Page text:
GABA(A) receptors are located on the majority of neurons in the central and peripheral nervous system, where they mediate important actions of the neurotransmitter gamma-aminobutyric acid. Early in development the trophic properties of GABA allow a healthy development of the nervous system. Most neurons have a high intracellular Cl-concentration early in life due to the late functional expression of the Cl-pump KCC2, therefore GABA has excitatory effects at this stage. Upon higher expression and activation of KCC2 GABA takes on its inhibitory effects while glutamate functions as the major excitatory neurotransmitter. Like all multisubunit membrane proteins the GABA(A) receptor is assembled in the ER and travels through the Golgi and remaining secretory pathway to the cell surface, where it mediates GABA actions either directly at the synapses or at extrasynaptic sites responding to ambient GABA to provide a basal tonic inhibitory state. In order to adapt to changing needs and information states, the GABAergic system is highly dynamic. That includes subtype specific trafficking to different locations in the cell, regulation of mobility by interaction with scaffold molecules, posttranslational modifications, that either directly affect channel function or the interaction with other proteins and finally the dynamic exchange between surface and intracellular receptor pools, that either prepare receptors for recycling to the surface or degradation. Here we give an overview of the current understanding of GABA(A) receptor functional and molecular dynamics that play a major part in maintaining the balance between excitation and inhibition and in changes in network activity.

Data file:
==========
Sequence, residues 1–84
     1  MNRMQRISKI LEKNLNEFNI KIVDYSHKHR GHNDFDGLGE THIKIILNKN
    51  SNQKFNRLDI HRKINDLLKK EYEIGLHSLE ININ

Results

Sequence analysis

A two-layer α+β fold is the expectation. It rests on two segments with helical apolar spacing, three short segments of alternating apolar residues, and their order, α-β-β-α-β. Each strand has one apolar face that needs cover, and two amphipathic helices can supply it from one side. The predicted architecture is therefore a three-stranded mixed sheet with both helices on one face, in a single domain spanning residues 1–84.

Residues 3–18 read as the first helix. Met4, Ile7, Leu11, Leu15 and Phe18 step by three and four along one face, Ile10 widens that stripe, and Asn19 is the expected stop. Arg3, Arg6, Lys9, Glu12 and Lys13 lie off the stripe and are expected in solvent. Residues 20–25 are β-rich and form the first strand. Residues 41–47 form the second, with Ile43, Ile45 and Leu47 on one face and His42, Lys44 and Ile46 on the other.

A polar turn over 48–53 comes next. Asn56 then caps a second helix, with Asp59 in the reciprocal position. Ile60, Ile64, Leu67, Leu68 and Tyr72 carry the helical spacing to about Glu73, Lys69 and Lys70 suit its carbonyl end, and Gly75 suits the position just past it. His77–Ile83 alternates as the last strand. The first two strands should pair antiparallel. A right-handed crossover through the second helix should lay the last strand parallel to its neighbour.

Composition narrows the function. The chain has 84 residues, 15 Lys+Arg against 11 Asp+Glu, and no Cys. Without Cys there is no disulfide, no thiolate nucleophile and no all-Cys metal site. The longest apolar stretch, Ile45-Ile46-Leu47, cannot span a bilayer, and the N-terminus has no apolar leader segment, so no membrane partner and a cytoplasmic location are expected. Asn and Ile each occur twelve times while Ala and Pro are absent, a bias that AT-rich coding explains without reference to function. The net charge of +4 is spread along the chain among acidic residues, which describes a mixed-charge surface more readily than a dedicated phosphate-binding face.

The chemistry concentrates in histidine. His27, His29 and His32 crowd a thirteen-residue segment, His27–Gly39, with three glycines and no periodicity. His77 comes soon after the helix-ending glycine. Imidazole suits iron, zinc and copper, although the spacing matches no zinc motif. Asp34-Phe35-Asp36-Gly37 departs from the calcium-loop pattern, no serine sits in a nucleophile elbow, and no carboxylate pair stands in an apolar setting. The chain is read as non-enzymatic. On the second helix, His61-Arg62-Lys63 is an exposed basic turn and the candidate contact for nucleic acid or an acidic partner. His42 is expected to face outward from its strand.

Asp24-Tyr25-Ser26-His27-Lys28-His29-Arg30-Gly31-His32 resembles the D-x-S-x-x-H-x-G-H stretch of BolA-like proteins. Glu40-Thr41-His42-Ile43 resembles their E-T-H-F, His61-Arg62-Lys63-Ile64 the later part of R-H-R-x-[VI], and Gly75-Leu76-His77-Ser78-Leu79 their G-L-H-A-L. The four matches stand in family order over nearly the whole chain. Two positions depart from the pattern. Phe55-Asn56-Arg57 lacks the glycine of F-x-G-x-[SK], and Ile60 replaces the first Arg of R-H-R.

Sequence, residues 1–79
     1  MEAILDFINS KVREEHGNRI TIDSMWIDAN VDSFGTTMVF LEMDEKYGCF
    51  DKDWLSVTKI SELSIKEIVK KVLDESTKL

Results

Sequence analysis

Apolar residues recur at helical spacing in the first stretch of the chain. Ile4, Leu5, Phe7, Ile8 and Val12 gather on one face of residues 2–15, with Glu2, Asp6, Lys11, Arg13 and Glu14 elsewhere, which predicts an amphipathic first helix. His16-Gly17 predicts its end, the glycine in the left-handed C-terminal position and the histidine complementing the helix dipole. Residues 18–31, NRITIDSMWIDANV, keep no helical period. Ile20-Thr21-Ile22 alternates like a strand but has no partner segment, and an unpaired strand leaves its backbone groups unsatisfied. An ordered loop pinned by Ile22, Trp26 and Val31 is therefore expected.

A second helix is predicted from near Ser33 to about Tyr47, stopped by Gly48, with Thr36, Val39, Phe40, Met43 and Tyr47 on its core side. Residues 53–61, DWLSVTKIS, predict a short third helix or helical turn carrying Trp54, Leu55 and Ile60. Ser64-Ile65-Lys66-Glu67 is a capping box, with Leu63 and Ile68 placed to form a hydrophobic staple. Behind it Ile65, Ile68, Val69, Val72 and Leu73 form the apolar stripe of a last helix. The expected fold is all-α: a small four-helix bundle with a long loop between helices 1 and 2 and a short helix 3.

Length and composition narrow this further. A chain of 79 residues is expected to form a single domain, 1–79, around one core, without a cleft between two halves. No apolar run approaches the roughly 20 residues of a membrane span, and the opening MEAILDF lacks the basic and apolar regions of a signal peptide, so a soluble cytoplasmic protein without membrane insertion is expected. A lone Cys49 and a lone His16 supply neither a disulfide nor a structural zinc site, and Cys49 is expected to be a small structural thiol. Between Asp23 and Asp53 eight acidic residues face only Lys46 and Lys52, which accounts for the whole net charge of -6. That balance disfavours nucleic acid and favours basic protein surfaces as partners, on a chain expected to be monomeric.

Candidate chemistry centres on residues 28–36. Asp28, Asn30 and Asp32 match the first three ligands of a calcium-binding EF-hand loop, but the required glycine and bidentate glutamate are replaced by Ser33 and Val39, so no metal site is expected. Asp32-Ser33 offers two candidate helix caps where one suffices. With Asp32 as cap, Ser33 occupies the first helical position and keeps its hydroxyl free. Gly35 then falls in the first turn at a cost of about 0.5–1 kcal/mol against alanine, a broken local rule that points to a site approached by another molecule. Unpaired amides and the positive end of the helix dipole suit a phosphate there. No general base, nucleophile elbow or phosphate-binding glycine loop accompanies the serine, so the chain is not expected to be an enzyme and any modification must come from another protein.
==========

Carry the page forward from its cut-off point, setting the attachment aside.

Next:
Keywords: GABAA receptor; inhibition; receptor clustering; receptor trafficking.